I threw the pudding in the oven alongside a tray of wedges for dinner (both took 40 minutes, they didn’t seem to mind each other), and it was still warm in the middle after we’d finished dunking said wedges in mayo and chilli jam. Nicely golden (same colour as Berry’s – really felt quite proud), it turned out light in the middle and crisp on top, while the apple slices were slightly dried out and chewy (in a good way). The whole thing tasted like a mellower, cakey take on a Bakewell tart.

Full disclosure, I did forget to brush on the melted apricot jam (it smelt too good to wait and faff with jam, and a dollop of creme fraiche on the side happened before I could stop myself), but will endeavour to apply this golden lacquer when I bake it again. Which I will, because this pudding is autumn in a tin.

Lisa Salmon tested: wild bramble mousse

Lisa’s wild berry mousse (l), and Mary Berry’s (r) (Lisa Salmon/Laura Edwards/PA)

When I looked at the recipe for Berry’s wild berry mousse, I knew it was going to be a little fiddly, mainly because of separating and whisking egg whites, and folding them into the blackberry mixture. But I gave it a go – and, as I cracked open my sixth egg (the recipe only needs two), I wished I hadn’t.

The recipe starts off easy enough, boiling what seemed like a bushful of blackberries with sugar and lemon juice, then adding gelatine leaves and leaving it to cool and thicken slightly. I was nervous about the gelatine, as I’ve not used it for a long time and have memories of problems with gelatinous lumps in the past. But there was no problem with it, and thankfully, my berry mixture remained smooth.

But then came separating the eggs and whisking them. Oh dear… I separated the first two without getting any egg yolk in them, and whisked them, but as the recipe says to be careful not to over whisk, I was paranoid about over whisking. When the egg whites formed peaks I thought I’d whisked them enough, but then decided the peaks weren’t stiff enough, so I whisked them a bit more, and they went less stiff, so I decided I’d over whisked and needed to start again. I cracked open another two eggs, got yolk in them this time and tried to take it out, but was obviously unsuccessful as I whipped it for ages and it just wouldn’t thicken.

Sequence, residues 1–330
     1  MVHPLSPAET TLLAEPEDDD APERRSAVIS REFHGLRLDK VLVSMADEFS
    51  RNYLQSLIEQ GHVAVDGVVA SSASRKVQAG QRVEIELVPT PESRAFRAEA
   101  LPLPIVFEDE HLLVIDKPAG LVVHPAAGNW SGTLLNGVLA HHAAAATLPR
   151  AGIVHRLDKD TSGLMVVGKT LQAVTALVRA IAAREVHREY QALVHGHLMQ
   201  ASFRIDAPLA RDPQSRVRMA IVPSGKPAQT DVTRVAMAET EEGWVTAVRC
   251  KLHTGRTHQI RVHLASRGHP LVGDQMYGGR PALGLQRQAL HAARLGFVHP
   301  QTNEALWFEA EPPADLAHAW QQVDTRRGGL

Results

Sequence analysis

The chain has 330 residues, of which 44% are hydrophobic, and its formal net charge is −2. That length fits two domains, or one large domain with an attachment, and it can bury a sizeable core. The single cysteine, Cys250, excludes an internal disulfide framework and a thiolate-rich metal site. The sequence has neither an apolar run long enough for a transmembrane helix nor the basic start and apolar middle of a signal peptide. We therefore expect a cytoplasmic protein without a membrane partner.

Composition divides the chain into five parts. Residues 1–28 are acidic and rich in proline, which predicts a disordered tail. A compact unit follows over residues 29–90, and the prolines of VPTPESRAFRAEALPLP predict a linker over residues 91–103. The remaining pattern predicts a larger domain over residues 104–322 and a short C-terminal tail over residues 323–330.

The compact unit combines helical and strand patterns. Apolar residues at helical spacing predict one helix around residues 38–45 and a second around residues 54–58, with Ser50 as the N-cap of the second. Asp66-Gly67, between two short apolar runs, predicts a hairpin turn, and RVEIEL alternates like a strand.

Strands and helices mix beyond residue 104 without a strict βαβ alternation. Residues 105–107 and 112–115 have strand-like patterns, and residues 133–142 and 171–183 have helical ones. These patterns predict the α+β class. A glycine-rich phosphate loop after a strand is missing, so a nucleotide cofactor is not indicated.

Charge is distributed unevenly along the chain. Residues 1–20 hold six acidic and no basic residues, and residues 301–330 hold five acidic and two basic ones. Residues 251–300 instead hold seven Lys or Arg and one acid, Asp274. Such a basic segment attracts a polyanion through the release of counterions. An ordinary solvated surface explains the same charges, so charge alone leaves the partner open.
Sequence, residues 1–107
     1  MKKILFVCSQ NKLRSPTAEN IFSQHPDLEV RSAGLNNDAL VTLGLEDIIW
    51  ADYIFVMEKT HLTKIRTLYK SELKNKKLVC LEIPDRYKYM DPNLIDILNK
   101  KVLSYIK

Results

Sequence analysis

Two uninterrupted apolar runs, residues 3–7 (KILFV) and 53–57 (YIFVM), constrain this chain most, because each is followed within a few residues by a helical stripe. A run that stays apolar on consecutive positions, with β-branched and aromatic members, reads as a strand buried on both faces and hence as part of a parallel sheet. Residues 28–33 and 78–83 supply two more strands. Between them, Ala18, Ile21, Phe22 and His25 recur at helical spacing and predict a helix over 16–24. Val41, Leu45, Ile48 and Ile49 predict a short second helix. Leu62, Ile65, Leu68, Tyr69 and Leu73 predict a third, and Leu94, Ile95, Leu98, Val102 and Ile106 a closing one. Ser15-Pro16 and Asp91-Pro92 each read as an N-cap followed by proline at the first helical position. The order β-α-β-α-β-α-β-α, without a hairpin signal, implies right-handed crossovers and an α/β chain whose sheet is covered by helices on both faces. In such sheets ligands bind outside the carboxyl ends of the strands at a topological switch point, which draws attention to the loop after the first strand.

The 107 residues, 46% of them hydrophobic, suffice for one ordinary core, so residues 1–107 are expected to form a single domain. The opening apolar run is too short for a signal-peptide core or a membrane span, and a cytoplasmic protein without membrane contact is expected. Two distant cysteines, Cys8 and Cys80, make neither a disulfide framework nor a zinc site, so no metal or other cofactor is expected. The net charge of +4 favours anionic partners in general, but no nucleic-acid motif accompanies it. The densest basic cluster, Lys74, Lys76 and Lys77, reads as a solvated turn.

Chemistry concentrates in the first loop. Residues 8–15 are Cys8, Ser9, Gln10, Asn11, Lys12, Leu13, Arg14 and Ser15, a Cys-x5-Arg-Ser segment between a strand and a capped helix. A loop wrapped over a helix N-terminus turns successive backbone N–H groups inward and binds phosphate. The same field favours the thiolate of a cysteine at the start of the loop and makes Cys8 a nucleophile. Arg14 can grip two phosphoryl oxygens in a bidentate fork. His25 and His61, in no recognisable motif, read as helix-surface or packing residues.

So I separated eggs number five and six and whipped them up till they looked much like the first lot – I wasn’t sure if the peaks were stiff enough again, but to be honest I didn’t really care anymore. Good job I’d bought a lot of eggs!

After whipping up the cream I folded it and the egg whites into the cooled berry mixture, having sieved it to get the seeds out – Berry says to discard the seeds but after tasting them, I actually ate the lot as they were nice and sweet (and I’m greedy).

I poured the finished mousse into a posh crystal bowl and popped it in the fridge overnight, with a few reserved berries and icing sugar on top to make it look pretty, then we ate it after Sunday dinner the next day. The verdict? “Quite nice” – not even the kids raved about it. After all that egg whites trouble I was hoping for something absolutely fantastic. It was good, but not spectacular.

Simple Comforts by Mary Berry is published by BBC Books, priced £26. Photography Laura Edwards. Available now.